“We are very happy to host the nation’s fireworks here every year, and over the years it’s become a pretty well-oiled machine,” Bowser said. “That is our primary concern: How do people have a good time, celebrate and be safe on the Mall and getting home?”
The Washington Post reported last week that Trump wants to overhaul the nation’s premier Independence Day event, which attracts hundreds of thousands of people and is broadcast live on national television. The president wants to move the massive fireworks display from its usual place on the Mall and perhaps deliver a speech from the steps of the Lincoln Memorial.
The news ignited fears among the president’s critics that he might try to transform one of Washington’s most popular and nonpartisan traditions into what would effectively be a campaign rally. Some Democratic lawmakers said his appearance could inject partisan and divisive notes into what is normally a celebration of national unity.
Trump has become intimately involved in planning the details of the new event, which would be called “A Salute to America,” administration officials told The Post.
For the city, however, the president’s designs entail a host of planning headaches.
The president’s appearance would require moving the fireworks to a new location. Federal officials said last week that the launch spot would likely be West Potomac Park, less than a mile southwest of the usual location near the Washington Monument.
That could require a new police presence in that area, Bowser said, as well as additional security to cover the president’s movements to and from the Mall for his speech.
“If we have to put more police to cover his movements, more police for the fireworks and an additional location for police where the fireworks are going to get set off, that puts a strain on us,” Bowser said. “We won’t allow it to impact neighborhood safety. So the chief will have to think about if he needs additional resources.”
The closure of roads for Trump’s travel could affect visitors’ access to nearby Metro stations, which are heavily used on that day, as bus service is typically limited and parking is nearly impossible.
Kevin Donahue, D.C. deputy mayor for public safety and justice, said the relocation of the fireworks could also have “ripple effects” on where the crowd gathers as people jostle for a better view of the show.
“Anytime you’re dealing with fireworks, I think, you have to be very careful, and a system of setting off the fireworks with that many thousands of people has worked for us pretty well,” Bowser said. “We’re concerned about that. And anytime you move the president, if the president is moving during that time, figuring out how to get people in and out . . . could be problematic.”
Asked whether she would prefer that the event remain as is, Bowser simply said: “Yes.”
“The president can speak at any event that he wants to speak at,” she added. “And my great hope would be that he recognizes that the event is a unifying event that celebrates the birthday of our nation.”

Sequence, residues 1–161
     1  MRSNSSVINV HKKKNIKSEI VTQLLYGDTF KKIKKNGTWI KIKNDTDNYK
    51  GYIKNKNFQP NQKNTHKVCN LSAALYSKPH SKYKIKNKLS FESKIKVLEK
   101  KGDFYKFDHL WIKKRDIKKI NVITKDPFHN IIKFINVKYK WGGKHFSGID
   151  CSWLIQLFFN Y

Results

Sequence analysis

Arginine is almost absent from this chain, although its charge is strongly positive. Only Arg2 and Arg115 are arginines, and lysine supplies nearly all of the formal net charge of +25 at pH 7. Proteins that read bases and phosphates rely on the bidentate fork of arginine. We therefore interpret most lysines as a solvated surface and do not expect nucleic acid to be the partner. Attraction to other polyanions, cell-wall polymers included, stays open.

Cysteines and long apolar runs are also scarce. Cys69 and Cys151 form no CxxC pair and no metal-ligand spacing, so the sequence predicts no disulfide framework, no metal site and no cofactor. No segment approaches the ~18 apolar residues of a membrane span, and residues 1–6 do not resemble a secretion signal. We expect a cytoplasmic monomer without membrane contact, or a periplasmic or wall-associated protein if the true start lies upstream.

Deputy White House press secretary Judd Deere said planning for the event among federal agencies is moving forward.
“President Trump loves America and wants to help all Americans celebrate our Nation’s Independence on July 4,” Deere wrote in an email. “The White House, along with the National Park Service and the Department of Interior, continue to make preparations for the day’s activities.”
Trump lashed out at D.C. officials after the collapse of his last effort to organize a marquee patriotic event centered on himself and his supporters.
In August, after Trump canceled a military parade in the District amid concerns about its high cost, the president blamed the city in a tweet.
“The local politicians who run Washington, D.C. (poorly) know a windfall when they see it,” Trump wrote on Twitter. “When asked to give us a price for holding a great celebratory military parade, they wanted a number so ridiculously high that I cancelled it.”
Bowser responded with her own tweet: “Yup, I’m Muriel Bowser, mayor of Washington DC, the local politician who finally got thru to the reality star in the White House with the realities ($21.6M) of parades/events/demonstrations in Trump America (sad).”
Donahue said federal officials have been “verbally briefing” the District’s law enforcement and fire and emergency medical services agencies on the evolving Fourth of July plans. However, final details for the event have not been shared, and no cost estimates have been produced.
Terrence W. Gainer, a former executive assistant police chief for the District, said the sudden changes sought by the president will be difficult, but not impossible, to pull off.
“This will be painful to manage,” said Gainer, who oversaw the city’s July 4 security plans in the aftermath of 9/11. However, he said the city’s long experience with hosting protests and large events such as the presidential inauguration showed they could rise to the challenge.
If the president speaks, officers will have to anticipate a boisterous, rally-like atmosphere similar to that of a campaign event, Gainer said. That would require tighter security, with more roads, transit and bridges closed.
“He’s sure to be a gigantic draw,” Gainer said. “There’s going to be a lot more people. . . . It’s just going to be a lot of work. A lot more people to move. A lot more law enforcement. It’s going to be a huge event. Apparently, that’s what [Trump] likes.”
Kim Dine, a former assistant D.C. police chief and former chief of the U.S. Capitol Police, likened preparing for July 4 as “being in a ballet,” with “police as the conductor.”
“There are so many agencies and jurisdictions that have to be coordinated,” he said. “It’s not as simple as locking down this area or that area. There has to be a plan. . . . If the president comes, that adds another host of concerns, in terms of traffic and safety.”
Juliet Eilperin, Josh Dawsey and Marissa Lang contributed to this report.